For example, if you’re planning to post lots of product images, Pinterest and Instagram are probably the best platforms, whilst YouTube is the obvious choice for videos. Make sure you include links to your website from all your accounts.
Once everything’s up and running, post relevant content in line with your digital marketing plan. And share content from other pages which your target audience might find interesting. This will encourage people to engage with your brand, helping you start conversations that will hopefully convert prospects into customers.
Step 4. Google My Business
There are lots of business directories out there but Google My Business is the most important. This is especially so if your business operates locally, as Google always takes location into account during searches and highlights top-ranking businesses in ‘The Local Pack.’
As well as boosting your search engine rankings, Google My Business provides useful information to prospective customers. This includes opening hours, contact details, a link to your website, photographs and customer reviews. Complete your profile as fully as possible, using geographical keywords if appropriate.
Step 5. Email marketing
Email marketing is a little trickier since GDPR came along. To develop a compliant contact list, people generally have to opt in voluntarily rather than being asked (although there are exceptions – please ask me for more details). If you’re able to do this, however, email marketing is one of the most cost-effective ways of engaging with your customers.
There are several good quality platforms to choose from, including a free service from MailChimp that lets you email up to 2,000 contacts every day. It’s relatively simple to create a template, or you could ask a graphic designer or digital marketer to help do this.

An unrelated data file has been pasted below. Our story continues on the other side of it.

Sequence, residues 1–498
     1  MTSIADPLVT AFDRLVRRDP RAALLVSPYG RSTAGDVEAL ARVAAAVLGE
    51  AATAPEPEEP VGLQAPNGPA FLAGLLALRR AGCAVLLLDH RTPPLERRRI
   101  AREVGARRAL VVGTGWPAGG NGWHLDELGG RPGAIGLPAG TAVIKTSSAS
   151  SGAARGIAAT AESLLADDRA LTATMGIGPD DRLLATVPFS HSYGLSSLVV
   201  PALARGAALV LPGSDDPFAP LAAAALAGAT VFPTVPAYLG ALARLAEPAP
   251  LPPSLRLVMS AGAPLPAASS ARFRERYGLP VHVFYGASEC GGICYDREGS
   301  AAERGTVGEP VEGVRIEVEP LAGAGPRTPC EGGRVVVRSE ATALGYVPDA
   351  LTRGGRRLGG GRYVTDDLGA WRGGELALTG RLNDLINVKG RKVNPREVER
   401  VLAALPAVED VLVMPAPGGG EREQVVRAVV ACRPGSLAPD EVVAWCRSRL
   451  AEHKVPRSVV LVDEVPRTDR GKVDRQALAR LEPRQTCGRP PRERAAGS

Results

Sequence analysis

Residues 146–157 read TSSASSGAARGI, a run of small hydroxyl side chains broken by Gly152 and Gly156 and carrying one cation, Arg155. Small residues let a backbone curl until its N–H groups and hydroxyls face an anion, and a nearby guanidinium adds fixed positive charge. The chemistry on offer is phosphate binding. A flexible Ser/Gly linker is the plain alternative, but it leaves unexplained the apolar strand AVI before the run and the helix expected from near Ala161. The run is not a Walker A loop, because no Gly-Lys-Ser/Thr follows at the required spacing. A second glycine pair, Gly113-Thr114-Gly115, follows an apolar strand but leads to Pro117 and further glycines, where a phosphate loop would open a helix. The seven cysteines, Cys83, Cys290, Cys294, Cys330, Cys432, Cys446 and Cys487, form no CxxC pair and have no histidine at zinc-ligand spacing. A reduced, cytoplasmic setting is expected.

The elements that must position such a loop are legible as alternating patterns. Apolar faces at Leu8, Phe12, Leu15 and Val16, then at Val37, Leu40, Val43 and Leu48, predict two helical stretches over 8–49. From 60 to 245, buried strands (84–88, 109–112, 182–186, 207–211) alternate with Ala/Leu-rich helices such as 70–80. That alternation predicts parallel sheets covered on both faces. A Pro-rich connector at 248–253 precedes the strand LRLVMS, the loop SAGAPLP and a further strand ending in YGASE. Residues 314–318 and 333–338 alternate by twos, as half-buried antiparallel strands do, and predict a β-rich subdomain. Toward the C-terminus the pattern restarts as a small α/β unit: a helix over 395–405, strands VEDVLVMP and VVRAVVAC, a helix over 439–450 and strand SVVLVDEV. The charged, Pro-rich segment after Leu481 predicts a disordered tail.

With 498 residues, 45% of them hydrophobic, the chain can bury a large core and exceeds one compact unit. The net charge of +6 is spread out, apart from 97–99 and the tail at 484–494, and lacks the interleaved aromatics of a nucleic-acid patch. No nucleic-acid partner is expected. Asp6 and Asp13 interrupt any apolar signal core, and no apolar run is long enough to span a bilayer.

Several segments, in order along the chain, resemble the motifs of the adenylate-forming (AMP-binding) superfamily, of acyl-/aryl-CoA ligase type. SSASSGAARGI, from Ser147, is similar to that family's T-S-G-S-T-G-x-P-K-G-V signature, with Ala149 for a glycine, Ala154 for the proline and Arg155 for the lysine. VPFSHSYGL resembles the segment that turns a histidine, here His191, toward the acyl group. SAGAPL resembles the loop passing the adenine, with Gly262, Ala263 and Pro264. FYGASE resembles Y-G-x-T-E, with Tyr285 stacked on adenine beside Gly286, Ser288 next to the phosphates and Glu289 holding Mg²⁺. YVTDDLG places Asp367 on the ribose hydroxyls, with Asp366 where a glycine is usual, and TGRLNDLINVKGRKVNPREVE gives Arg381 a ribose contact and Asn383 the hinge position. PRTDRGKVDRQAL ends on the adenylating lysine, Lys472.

Step 6. Ongoing activities
On top of regular social media and email activity, you’ll need to factor in additional tasks to ensure your business keeps getting found online. These might include:
- Refreshing website content regularly, to keep people coming back to your site.
- Writing and posting regular blog articles and linking to these from your social media accounts.
- Ongoing SEO. This covers a range of activities from Pay Per Click (PPC) advertising to writing guest blogs for other websites.
By developing good working practices, you’ll help boost and preserve those all-important search engine rankings whilst continuing to interest and engage your audience.
Step 7. Analysis, review & revision
Like any business activity, there’s an element of ‘try it and see’ with digital marketing. What works for one company might be a waste of time for another, so factor in regular reviews to determine what’s working and what isn’t.
Every six months or so, analyse your performance against the targets set in Step 1. Tools such as Google Analytics, Twitter Analytics, Facebook Insights, MailChimp reports and, of course, your sales figures will give you the information you need.
If you’re not hitting your targets, don’t despair. You might just have been a bit too ambitious in the first place. Revise your goals for the next six months and step up your activity if you have time. You could be surprised at the results next time around!
Could Imagine Digital Marketing help your business?
I understand that setting up and running a digital marketing strategy can be daunting. You might feel you lack the skills, or the time, to manage it effectively on your own. If so, don’t worry. I can help. My services begin with a FREE initial consultation, after which prices start from just £220 a day for one day of support a month.
Please call me on 01636 922 747 to discuss how I can help, or book your initial consultation online today.